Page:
Students, please keep your mask over your nose


Sarah Lin

Adviser Jennifer Jackson has a sign hanging in her classroom reminding students and staff to wear their masks

In the past weeks, we have seen the highest number of COVID-19 cases among New Trier students in this pandemic. 

We see the effects of this spike everywhere. Cancelled finals, missing friends at lunch tables, and empty seats in classrooms speak to the number of cases plaguing our school, and the very prevalent fear of community transmission.

One of the best ways to curb transmission is by wearing a mask. But masks only work if they cover your mouth and your nose. Unfortunately, too many students still choose to wear their masks below their nose, which is irresponsible in the current situation. 

Since COVID-19 is airborne, the nose happens to be a key entry point for the virus. Many PCR tests swab the nose to check for the disease, with an anterior nasal swab or a long nasal swab. Your chances of contracting the virus are significantly higher when you don’t wear a mask tightly around both your nose and mouth.

Spreading COVID-19 is an issue too. People can be asymptomatic and spread the virus unknowingly, which is why it’s important to take advantage of the school’s saliva testing on a regular basis.

Reinfection has also become a concern with the introduction of new variants. Keeping your mask up ensures you won’t send out nasty respiratory droplets — or receive them.

COVID-19 is rampant not just at New Trier but the surrounding community. According to New Trier’s COVID Dashboard, the “7 Day Rolling New Cases Per Week Per 100K” in Township zip codes was slightly over 1000 cases on Jan. 24, 10 times the CDC Threshold for High Community Transmission.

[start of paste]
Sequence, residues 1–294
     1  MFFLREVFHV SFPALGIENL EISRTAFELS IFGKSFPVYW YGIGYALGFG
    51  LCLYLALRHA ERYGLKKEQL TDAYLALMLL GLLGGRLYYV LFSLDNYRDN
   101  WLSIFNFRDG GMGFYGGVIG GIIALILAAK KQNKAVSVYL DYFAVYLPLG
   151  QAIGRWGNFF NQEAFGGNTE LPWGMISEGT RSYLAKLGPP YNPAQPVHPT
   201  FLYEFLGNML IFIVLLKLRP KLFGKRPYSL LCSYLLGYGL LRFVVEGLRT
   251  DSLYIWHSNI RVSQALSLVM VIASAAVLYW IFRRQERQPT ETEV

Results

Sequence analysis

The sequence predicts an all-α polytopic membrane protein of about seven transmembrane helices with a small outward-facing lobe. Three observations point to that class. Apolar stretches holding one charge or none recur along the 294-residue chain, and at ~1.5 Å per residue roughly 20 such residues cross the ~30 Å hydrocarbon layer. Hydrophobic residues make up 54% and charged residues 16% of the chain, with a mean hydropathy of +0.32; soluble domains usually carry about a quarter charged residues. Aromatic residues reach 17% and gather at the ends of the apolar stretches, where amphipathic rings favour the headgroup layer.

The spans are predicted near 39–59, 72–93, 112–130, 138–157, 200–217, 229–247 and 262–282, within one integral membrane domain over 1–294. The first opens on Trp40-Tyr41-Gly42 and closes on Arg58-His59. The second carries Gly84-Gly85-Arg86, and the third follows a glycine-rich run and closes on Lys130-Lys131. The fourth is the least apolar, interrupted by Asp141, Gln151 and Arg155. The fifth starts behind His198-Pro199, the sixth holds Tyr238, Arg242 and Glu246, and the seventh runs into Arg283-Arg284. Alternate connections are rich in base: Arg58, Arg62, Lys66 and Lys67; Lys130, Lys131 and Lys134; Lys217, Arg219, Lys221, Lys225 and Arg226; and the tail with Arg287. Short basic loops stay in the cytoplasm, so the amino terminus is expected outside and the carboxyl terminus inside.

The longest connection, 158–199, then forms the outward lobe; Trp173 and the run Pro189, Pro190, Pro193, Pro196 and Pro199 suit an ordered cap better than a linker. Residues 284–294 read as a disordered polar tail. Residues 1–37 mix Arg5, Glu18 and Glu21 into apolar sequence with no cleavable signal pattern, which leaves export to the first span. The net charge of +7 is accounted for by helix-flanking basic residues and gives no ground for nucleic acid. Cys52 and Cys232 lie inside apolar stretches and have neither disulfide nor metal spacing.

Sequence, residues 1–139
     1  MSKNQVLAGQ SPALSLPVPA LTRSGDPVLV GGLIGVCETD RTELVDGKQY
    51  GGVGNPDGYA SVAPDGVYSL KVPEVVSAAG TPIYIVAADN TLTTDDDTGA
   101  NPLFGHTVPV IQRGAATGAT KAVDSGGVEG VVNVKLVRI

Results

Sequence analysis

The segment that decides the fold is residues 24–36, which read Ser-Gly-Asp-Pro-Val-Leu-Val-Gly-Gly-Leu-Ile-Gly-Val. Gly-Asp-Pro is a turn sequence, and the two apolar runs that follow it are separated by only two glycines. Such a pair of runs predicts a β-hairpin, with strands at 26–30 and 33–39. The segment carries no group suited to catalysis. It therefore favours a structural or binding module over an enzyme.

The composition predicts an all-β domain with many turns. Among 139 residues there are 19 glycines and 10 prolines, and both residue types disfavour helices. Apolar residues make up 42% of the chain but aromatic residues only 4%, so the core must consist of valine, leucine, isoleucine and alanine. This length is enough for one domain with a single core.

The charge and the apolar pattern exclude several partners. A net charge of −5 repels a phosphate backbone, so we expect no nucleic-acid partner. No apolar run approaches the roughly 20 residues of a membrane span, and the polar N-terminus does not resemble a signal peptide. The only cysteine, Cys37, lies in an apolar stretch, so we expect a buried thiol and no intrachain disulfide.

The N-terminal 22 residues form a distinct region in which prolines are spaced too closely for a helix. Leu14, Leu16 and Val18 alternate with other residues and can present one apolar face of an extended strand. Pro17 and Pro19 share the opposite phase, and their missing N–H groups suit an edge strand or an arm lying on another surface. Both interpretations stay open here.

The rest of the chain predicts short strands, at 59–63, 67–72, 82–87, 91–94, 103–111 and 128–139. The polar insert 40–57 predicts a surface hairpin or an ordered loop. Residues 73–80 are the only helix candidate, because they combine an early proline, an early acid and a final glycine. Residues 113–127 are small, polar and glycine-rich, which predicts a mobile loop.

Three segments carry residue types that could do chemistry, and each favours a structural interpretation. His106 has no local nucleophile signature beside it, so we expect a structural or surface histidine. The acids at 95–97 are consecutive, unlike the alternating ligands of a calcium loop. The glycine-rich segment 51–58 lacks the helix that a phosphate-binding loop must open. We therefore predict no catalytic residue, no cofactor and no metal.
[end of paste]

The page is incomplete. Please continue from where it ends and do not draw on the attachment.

These numbers pose a danger, though most teens have stronger immune systems than adults, and the hospitalization rate for teens with COVID-19 is extremely low. Yet, the virus still has been proven to have long-term effects on organs, especially for individuals who fall seriously sick after catching the disease. We have a responsibility to be wary, in case the virus transfers to immunocompromised individuals in which the sickness may have more adverse effects.

Though the majority of students and staff have been vaccinated, herd immunity has not prevailed. Therefore, to continue to keep ourselves safe, we can practice the good pandemic habits we’ve worked on since quarantine first started: keep good hygiene, avoid large gatherings, and invest in a higher-quality mask, to name a few.

Two years in, the pandemic may seem never-ending and hopeless. But, it will end eventually. Whether it ends sooner or later depends on us.